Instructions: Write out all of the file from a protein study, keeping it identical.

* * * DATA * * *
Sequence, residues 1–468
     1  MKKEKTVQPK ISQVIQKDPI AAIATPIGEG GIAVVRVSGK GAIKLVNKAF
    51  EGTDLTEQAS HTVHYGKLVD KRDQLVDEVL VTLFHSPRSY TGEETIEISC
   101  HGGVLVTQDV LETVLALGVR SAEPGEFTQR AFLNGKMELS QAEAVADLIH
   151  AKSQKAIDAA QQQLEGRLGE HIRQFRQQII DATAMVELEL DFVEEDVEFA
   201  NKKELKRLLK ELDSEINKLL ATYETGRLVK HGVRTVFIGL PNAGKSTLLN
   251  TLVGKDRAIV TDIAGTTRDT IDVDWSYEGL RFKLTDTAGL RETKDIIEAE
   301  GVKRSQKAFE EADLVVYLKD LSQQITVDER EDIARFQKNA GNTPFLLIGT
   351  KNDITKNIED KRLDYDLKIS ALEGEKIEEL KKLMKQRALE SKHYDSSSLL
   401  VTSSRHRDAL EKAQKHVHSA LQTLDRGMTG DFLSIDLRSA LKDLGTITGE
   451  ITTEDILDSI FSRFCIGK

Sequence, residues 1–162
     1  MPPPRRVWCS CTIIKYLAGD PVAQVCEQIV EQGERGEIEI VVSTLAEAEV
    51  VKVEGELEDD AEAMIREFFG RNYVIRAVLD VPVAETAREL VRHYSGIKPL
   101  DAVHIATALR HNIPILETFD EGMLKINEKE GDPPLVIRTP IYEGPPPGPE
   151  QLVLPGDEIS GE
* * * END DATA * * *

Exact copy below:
Sequence, residues 1–468
     1  MKKEKTVQPK ISQVIQKDPI AAIATPIGEG GIAVVRVSGK GAIKLVNKAF
    51  EGTDLTEQAS HTVHYGKLVD KRDQLVDEVL VTLFHSPRSY TGEETIEISC
   101  HGGVLVTQDV LETVLALGVR SAEPGEFTQR AFLNGKMELS QAEAVADLIH
   151  AKSQKAIDAA QQQLEGRLGE HIRQFRQQII DATAMVELEL DFVEEDVEFA
   201  NKKELKRLLK ELDSEINKLL ATYETGRLVK HGVRTVFIGL PNAGKSTLLN
   251  TLVGKDRAIV TDIAGTTRDT IDVDWSYEGL RFKLTDTAGL RETKDIIEAE
   301  GVKRSQKAFE EADLVVYLKD LSQQITVDER EDIARFQKNA GNTPFLLIGT
   351  KNDITKNIED KRLDYDLKIS ALEGEKIEEL KKLMKQRALE SKHYDSSSLL
   401  VTSSRHRDAL EKAQKHVHSA LQTLDRGMTG DFLSIDLRSA LKDLGTITGE
   451  ITTEDILDSI FSRFCIGK

Sequence, residues 1–162
     1  MPPPRRVWCS CTIIKYLAGD PVAQVCEQIV EQGERGEIEI VVSTLAEAEV
    51  VKVEGELEDD AEAMIREFFG RNYVIRAVLD VPVAETAREL VRHYSGIKPL
   101  DAVHIATALR HNIPILETFD EGMLKINEKE GDPPLVIRTP IYEGPPPGPE
   151  QLVLPGDEIS GE